Human cooperation

When humans collaborate, we do so in a way that is unique among species alive today, inherited from our ancestors Homo erectus and Homo heidelbergensis.  We typically proceed like this: in experiments with children aged 1-3, it is found that humans

... coordinate a joint goal, commit themselves to that joint goal until all get their reward, expect others to be similarly committed to the joint goal, divide the common spoils of a collaboration equally, take leave when breaking a commitment, understand their own and the partner’s role in the joint activity, and even help the partner in her role when necessary.  

Michael Tomasello – “A Natural History of Human Thinking”

In similar experiments, it is found that children aged 1-3 prefer to obtain what they want by collaborating with others, while chimpanzees prefer to work on their own.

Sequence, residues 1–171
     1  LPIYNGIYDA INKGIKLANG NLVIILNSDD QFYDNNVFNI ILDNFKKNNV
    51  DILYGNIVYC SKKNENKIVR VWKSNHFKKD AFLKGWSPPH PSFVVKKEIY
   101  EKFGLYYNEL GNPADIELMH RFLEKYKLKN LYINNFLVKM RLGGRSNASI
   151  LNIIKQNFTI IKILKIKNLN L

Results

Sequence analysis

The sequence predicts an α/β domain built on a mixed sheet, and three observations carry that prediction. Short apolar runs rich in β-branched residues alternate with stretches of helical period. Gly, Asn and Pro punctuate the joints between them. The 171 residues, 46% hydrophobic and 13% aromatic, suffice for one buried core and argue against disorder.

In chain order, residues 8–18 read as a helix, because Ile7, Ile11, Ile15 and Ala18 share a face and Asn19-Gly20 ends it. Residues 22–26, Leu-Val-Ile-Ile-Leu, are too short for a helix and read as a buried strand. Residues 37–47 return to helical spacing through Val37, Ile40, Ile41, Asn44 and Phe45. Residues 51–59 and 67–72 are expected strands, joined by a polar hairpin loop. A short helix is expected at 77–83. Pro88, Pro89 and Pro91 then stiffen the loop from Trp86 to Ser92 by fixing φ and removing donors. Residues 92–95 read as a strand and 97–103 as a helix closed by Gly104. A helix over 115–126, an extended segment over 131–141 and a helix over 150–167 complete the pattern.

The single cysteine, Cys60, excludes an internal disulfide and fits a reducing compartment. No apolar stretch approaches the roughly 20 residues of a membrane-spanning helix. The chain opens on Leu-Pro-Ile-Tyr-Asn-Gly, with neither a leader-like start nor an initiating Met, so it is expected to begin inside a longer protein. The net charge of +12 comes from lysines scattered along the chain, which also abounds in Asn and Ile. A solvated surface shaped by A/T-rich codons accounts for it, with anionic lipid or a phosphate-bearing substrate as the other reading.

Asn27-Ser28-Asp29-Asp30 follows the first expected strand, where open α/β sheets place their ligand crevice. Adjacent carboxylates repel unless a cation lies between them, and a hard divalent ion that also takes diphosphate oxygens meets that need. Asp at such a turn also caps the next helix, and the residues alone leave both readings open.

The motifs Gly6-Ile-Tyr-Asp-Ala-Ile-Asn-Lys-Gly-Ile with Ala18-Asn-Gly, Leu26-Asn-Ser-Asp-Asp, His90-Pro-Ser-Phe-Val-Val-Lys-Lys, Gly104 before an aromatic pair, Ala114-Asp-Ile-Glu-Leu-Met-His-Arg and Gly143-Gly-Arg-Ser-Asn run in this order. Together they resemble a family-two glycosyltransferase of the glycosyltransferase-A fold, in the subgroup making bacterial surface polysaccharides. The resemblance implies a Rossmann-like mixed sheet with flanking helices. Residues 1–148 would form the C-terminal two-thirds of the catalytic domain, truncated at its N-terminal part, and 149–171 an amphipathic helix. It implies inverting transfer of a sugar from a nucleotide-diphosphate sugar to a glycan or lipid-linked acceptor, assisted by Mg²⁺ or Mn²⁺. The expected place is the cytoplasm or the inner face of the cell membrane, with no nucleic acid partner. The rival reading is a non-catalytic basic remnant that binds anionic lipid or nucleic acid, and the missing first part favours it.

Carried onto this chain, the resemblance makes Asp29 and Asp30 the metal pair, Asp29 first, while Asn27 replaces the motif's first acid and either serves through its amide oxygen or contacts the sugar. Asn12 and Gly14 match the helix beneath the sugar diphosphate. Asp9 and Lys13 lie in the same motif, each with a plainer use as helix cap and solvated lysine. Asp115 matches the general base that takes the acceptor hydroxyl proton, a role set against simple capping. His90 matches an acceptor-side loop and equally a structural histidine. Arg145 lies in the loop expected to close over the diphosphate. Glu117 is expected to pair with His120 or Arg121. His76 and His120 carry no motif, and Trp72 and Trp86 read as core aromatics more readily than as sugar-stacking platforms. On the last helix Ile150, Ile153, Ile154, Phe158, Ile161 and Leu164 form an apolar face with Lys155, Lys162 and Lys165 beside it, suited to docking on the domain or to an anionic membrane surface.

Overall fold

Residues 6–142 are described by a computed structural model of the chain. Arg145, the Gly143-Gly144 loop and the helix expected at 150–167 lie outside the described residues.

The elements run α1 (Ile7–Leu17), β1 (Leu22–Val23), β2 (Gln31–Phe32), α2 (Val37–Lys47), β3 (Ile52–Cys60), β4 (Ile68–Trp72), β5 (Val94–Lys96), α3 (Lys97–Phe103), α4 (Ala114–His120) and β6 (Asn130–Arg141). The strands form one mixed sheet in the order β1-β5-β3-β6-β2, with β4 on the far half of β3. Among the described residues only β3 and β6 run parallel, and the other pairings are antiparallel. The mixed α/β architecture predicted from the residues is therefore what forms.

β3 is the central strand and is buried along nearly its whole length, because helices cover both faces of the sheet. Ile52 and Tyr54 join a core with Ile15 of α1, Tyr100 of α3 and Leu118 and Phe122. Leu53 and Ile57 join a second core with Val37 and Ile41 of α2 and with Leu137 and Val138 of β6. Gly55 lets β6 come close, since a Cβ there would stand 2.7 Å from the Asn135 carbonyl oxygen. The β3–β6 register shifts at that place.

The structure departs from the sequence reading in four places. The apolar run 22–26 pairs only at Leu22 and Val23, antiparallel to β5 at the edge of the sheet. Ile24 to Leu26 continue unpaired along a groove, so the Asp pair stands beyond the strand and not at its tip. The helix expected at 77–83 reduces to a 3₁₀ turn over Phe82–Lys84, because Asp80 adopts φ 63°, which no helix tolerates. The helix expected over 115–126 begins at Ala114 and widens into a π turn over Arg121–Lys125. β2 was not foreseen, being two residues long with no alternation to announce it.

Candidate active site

Coordinating the joint goal – deciding to act together

In the proposed Stag Hunt situation, it would have been necessary for the cooperative partners, those who needed to work together, to coordinate their decision to act.  It was important to know whether it was appropriate to abandon your safe chance of low-value food and embark on a risky stag hunt with a partner.  

In other words, once a stag is spotted, each potential partner needs to know: I have the goal to capture the stag together with you, you have the goal to capture the stag together with me, and we both know that the other intends this and what his intentions are towards the other.  This mutual knowledge is a common ground, a shared reality, between the partners.  Those early humans who were most successful at this initial coordination process would have had a survival advantage over others.